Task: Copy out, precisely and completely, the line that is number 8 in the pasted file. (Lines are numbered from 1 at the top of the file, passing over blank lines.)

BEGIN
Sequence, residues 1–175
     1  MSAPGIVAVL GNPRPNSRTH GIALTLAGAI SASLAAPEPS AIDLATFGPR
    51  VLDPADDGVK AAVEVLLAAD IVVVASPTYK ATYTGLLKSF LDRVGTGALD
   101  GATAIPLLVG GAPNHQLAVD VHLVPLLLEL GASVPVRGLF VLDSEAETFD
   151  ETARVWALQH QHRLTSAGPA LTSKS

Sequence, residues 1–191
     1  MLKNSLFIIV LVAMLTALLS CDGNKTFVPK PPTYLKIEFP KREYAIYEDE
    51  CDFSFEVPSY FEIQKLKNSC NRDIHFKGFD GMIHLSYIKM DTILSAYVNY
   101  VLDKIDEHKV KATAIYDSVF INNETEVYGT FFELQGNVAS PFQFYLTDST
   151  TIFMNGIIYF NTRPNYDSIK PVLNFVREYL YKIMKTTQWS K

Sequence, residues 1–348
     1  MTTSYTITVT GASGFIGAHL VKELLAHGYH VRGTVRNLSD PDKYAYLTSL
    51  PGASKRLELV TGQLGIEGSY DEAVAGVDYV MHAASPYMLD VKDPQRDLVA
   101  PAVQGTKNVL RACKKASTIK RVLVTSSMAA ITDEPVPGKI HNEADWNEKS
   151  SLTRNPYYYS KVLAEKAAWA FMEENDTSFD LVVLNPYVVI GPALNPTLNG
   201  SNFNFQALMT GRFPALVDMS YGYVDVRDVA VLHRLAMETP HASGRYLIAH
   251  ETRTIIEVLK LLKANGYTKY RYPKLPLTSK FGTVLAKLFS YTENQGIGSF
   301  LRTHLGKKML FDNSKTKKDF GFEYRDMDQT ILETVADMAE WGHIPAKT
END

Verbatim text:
    51  CDFSFEVPSY FEIQKLKNSC NRDIHFKGFD GMIHLSYIKM DTILSAYVNY